I am on a house-hunt. Again. Last week, my landlady dropped the bomb that they needed the house returned; and this, after their broker had lulled me into believing the lease will be renewed. Apparently, that’s not the case. This, when (after all my doubts) I had actually started to love my current pad. I requested for a three-month buffer, and immediately dialed my regular broker. He all but groaned though nevertheless promised to help; after all, that’s his business.
I saw the first batch yesterday and like the previous two times, returned frustrated, grumpy & cribbing. Yesterday’s search added one more word from Bombay’s unique property lexicon: ‘converted homes’ ; and though I realize property is an unlisted but potent religion, still, the word flummoxed me, till the time I saw one such ‘convert’ . It means slicing an already tiny 1BHK into further two frustratingly tinier bedrooms; usually, the kitchen area is the sacrificial lamb in this sacrament, reduced to a mere apology of a sliver. In the first such house, I marveled at a family staying in this constricted space – consisting of a father, a couple *and* a huge dog!
I decided ‘Converted houses’ are not my cup of poison and I strictly forbade the broker to show me anymore such hybrids. Likewise, I also struck off any one-hall-kitchen; in one such home, I gaped with amusement at the kitchen (with a sink and gas stove) on one corner and the bed on the other. I crave my coffee cup early morning but to stagger sleepily out of bed and immediately face the gas-stove is stretching convenience even beyond my lazy limit.
Bombay is like a sea of houses: water everywhere, but not a drop to drink. The good ones are all beyond budget; and the ones within are cringe-worthy. Finding a middle-path is not easy. The first time, I took a harrowing three months. The second outing was comparatively shorter. This time I plan to cut it further. Experience, after all, should matter and I am talking about the broker’s experience, not mine.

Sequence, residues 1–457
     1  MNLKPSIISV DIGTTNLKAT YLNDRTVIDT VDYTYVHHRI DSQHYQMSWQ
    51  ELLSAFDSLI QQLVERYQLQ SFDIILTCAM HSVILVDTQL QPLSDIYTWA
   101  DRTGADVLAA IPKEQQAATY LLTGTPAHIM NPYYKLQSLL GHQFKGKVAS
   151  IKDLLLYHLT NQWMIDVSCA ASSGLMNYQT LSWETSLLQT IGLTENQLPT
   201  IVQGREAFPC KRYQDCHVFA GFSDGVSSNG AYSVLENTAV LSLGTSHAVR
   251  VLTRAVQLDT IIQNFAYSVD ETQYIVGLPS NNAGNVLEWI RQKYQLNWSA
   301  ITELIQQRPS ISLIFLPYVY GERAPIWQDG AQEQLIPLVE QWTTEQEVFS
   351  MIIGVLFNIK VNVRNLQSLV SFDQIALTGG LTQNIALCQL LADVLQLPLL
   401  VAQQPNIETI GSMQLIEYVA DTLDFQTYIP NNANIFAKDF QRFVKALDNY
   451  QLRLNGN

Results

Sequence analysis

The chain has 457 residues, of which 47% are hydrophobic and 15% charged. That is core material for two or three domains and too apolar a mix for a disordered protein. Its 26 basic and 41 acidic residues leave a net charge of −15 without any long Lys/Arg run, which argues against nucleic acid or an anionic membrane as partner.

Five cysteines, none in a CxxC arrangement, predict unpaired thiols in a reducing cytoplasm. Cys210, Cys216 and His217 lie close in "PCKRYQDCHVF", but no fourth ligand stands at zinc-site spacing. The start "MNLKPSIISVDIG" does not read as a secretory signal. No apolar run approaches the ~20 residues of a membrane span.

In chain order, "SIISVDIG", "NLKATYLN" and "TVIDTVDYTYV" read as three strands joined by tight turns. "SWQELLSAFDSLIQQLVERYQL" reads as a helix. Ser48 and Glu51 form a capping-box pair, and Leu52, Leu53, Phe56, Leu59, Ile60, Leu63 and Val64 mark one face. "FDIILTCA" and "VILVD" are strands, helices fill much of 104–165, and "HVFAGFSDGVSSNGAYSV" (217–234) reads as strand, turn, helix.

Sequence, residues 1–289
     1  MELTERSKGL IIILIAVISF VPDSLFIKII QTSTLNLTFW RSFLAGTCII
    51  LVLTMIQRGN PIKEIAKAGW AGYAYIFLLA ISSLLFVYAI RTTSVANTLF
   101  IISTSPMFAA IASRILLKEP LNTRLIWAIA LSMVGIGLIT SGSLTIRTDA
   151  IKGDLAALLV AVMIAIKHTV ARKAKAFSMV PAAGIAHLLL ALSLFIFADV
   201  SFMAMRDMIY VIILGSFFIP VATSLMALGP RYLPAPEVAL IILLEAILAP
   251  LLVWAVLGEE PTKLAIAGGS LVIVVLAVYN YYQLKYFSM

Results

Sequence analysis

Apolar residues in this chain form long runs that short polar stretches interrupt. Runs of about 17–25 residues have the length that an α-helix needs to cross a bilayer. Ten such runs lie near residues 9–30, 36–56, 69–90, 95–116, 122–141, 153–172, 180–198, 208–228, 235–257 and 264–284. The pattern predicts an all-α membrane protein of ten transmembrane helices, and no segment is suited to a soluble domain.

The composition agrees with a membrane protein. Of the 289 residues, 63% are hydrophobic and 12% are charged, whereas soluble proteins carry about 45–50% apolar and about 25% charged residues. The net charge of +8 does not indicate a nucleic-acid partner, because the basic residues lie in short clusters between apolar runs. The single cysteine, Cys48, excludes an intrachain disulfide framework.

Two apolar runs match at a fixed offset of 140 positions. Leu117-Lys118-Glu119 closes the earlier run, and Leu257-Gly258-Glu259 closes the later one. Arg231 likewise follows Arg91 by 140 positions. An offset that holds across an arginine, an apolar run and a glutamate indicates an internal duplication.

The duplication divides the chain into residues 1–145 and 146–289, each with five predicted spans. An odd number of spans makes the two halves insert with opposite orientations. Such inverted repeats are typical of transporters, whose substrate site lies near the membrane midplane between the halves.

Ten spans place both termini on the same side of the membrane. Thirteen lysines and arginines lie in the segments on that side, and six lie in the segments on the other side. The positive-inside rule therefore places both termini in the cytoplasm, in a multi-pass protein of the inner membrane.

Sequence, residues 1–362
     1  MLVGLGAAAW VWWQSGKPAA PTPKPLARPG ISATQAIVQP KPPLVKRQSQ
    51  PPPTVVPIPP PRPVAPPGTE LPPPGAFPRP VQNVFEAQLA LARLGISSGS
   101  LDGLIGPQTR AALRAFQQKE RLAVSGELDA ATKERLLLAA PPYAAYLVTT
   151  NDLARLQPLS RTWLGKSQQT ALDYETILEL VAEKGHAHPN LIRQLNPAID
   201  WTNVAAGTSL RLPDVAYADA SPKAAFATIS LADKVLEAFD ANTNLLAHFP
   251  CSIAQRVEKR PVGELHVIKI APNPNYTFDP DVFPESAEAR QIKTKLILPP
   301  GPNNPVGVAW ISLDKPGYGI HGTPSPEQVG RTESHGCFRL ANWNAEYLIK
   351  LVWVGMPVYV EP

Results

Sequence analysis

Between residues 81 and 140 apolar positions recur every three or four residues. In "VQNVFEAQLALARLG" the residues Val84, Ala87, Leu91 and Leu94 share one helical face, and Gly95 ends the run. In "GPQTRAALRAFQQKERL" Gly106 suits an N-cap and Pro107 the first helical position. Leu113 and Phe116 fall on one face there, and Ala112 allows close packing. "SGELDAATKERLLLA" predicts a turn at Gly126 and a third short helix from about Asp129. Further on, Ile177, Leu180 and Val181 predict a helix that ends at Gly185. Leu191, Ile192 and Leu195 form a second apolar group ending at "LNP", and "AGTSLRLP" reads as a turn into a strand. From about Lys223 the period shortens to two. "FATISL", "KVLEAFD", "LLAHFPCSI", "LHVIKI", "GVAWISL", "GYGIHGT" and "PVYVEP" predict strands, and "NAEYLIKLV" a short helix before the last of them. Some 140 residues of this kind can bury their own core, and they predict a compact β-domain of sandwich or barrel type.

A friend sagely advised me to purchase one so that I am saved this annual ritual. Plus, property is an astute investment. I agree. However, the thought of finding the perfect house is daunting. A house is an elaborate & long-lasting love affair and love at first sight is merely lust that may or may not work. And when huge monies are involved, that’s quite a big risk. “I ‘d rather stay in a place, get habituated to it and then make it a permanent life partner,” I told my friend. “I ‘d also rather have someone just give me a nice little space gifted with all the cumbersome and intimidating paper work completed without having to go through it,” I further wisely observed. But the first task is, of course, finding the right one. “And you’d rather have a law that provides for a house to anyone who has come from outside and stayed for over three years, right?” my friend added sarcastically. Touche!
The conversation is among the many we have had on this subject. Yesterday, on phone, in a fit of exasperation and grumble diarrhea I exclaimed, “Designing houses is an art, and Bombay is simply inept at it!” Having earlier borne my unending cribs on Bombay’s peeves, this outburst was met with a pause of stony silence and a resigned voice came back in all seriousness, “I have a better idea” . My interest piqued but nothing prepared me for what followed “Why don’t you just leave this city for good and in peace!” Ouch!
But I like Bombay and I will not leave it this easily. And off I go to view another batch of apartments today.
Powered by Zoundry